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Alexandria Library Visit and InterviewOctober 24, 2018
The library is a treasure trove of resources for students, teachers, and parents. But when it comes to serving all types of learners, is your library inclusive? Every one in ten people are dyslexic. It is estimated that 14.5 to 43.5 million children and adults have some form of dyslexia– whether it's reading, writing, or spelling.
But did you know that 40% of self-made millionaires are dyslexic? Or that top inventors, scientists, engineers, entrepreneurs, and artists have dyslexia? Check out these tips for Dyslexia Awareness Month and learn how you can make your library more inclusive this October.
What is Dyslexia
From reading to writing to spelling, dyslexia affects how a person absorbs information. Dyslexia isn’t necessarily how a person sees a word, but how they process, manipulate, and decoding the letters. Dyslexia affects how the brain handles information it sees and hears. Symptoms include:
- Matching letters to sounds
- Remembering how to spell words
- Trouble telling left from right
- A harder time following a lot of instructions
- Memorizing sequences
- And more...
A dyslexic brain is wired slightly different, therefore individuals learn through totally different approaches. The left side of the brain is primarily in charge of language, analytical thought, logic, and reading. Whereas the right side of the brain focuses on creativity, intuition, and music. fMRI studies show that those with dyslexia rely on the right side of the brain more often than the left. This is where the disconnection between traditional learning approaches is formed.
How to Help Students with Dyslexia at the Library
Affecting 5 to 17% of students, Dyslexia is genetically passed through families. Dyslexia occurs on a spectrum, so some students may fly under the radar with a mild case while others are profoundly impacted. Dyslexia does not impact intelligence or IQ, and no matter how hard a student tries, dyslexia impairs their ability to learn in a specific way.
A different approach to learning is needed for students who have dyslexia. And you can do this at your library or school. We have a few ideas below to help you make your library more inclusive for dyslexic learners.
Using Dyslexic Thinking to Students’ Advantage
Using an individual’s strengths is the best approach to helping a dyslexic learner. Dyslexic thinking, which is the byproduct of dyslexia, is the combination of some or all of the following:
If you couldn’t already tell, these types of skills are the building blocks for library makerspaces. It doesn’t surprise us that makerspaces are good alternative learning resources for dyslexic students. Very famous inventors and scientists had dyslexia.
Most famous of all Albert Einstien, the icon of genius, had dyslexia among others like Alexander Graham Bell, Thomas Edison, Steve Jobs, Henry Ford, and more.
How to Help Students Sound Words Out
As we mentioned before, individuals with dyslexia process reading, writing and spelling differently than most. Student’s with dyslexia will spell words how they phonetically sound and will memorize, guess, or skip over words when reading. To help students learning and read words you can use an alternative method for learning. This method involves using the senses.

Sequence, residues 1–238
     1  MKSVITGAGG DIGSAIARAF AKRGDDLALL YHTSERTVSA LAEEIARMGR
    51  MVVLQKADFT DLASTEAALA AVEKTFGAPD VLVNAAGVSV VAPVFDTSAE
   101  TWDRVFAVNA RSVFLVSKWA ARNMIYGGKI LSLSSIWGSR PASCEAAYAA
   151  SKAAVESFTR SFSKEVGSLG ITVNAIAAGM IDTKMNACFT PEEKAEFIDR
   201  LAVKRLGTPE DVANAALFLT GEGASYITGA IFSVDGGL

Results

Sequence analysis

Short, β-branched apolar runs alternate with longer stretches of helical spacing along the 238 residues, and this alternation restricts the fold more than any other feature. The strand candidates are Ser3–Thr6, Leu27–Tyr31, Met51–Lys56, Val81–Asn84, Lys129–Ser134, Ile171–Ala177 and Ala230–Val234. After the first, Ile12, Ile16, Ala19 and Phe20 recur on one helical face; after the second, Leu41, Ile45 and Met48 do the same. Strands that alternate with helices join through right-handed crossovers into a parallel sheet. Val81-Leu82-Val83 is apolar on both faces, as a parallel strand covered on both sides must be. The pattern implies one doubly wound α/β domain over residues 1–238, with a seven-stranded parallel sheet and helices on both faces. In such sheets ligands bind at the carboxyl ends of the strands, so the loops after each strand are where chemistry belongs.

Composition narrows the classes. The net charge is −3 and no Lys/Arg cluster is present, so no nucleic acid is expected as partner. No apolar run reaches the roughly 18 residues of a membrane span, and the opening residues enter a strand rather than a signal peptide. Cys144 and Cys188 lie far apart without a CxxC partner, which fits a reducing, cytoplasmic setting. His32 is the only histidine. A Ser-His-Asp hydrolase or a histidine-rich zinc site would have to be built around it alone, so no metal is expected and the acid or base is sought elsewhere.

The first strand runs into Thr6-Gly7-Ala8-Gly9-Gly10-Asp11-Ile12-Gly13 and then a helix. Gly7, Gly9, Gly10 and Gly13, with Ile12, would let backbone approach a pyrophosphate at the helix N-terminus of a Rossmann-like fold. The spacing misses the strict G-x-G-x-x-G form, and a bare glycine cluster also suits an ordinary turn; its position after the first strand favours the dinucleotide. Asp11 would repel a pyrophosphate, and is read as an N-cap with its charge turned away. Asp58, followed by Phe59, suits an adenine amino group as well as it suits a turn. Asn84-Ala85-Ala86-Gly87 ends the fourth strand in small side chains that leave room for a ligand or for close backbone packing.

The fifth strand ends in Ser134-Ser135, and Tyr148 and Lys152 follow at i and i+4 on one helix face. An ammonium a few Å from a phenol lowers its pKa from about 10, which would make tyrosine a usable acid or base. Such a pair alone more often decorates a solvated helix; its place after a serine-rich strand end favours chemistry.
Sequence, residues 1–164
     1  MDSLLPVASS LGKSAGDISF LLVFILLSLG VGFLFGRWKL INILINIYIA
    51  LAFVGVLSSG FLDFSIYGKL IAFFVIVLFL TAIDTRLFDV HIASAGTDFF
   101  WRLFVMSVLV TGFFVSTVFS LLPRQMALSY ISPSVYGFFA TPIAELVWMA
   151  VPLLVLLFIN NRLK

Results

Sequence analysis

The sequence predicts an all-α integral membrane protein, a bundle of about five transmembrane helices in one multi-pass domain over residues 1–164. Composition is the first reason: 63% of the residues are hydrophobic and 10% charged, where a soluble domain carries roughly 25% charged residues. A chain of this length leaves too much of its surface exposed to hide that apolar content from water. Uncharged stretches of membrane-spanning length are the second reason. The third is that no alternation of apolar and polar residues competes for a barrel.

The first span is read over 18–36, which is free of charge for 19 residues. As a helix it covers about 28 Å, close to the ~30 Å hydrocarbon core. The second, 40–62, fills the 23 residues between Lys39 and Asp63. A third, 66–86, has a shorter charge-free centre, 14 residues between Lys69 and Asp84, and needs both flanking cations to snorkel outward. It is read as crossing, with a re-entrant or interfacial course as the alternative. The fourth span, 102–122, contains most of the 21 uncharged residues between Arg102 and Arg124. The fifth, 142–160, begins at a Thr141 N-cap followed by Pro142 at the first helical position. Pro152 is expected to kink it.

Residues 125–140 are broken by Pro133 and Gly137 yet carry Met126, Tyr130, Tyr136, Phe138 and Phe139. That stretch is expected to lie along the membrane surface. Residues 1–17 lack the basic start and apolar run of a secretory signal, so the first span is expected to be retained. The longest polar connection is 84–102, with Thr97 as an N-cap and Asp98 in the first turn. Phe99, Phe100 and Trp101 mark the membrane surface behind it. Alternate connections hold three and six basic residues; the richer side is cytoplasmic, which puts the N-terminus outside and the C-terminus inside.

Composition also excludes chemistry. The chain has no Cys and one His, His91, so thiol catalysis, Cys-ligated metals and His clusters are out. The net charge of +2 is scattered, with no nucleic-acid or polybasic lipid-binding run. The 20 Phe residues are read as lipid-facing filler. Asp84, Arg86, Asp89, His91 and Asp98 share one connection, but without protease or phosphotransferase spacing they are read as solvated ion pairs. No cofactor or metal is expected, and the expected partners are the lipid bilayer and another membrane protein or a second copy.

Research proves that kids with dyslexia learn best when they engage their senses. You can activate the senses through touch by having a student trace letters with their fingers. You can cut the letters out of sandpaper and have students trace the scratchy surface while spelling the word out loud. Alternatively, you can have the student say the word while writing it in the air. Shaving cream is a fun alternative for younger kids.
Books Plus their Audio Companion
Encourage students to borrow both formats of a book, the audio and physical copy, so they can practice their reading skills by also listening at the same time. Check out this list of best audiobooks, we have audiobooks for every age on this list!
Library Displays and Signs
Let children know that the library offers more than just books, highlight all the media center’s offerings by displaying audiobooks, graphic novels, CDs, and other resources.
Additionally, you can optimize signage in your library by using off-white paper, clear font legible font without underlines, italics, or all caps. This makes it easier for students to read the signs. Use icons alongside words in your library as well. Using icons and legible signage make it easier for dyslexic thinkers to process the information presented.
Made By Dyslexia
It’s important to understand that traditional forms of learning can be more challenging for dyslexic thinkers. Early identification of dyslexia is key to helping students be successful in education and preserving their self-esteem. To learn more about dyslexia check out Made By Dyslexia. They have resources, pdf, and videos all about dyslexic thinking.
Check out Made By Dyslexia's website.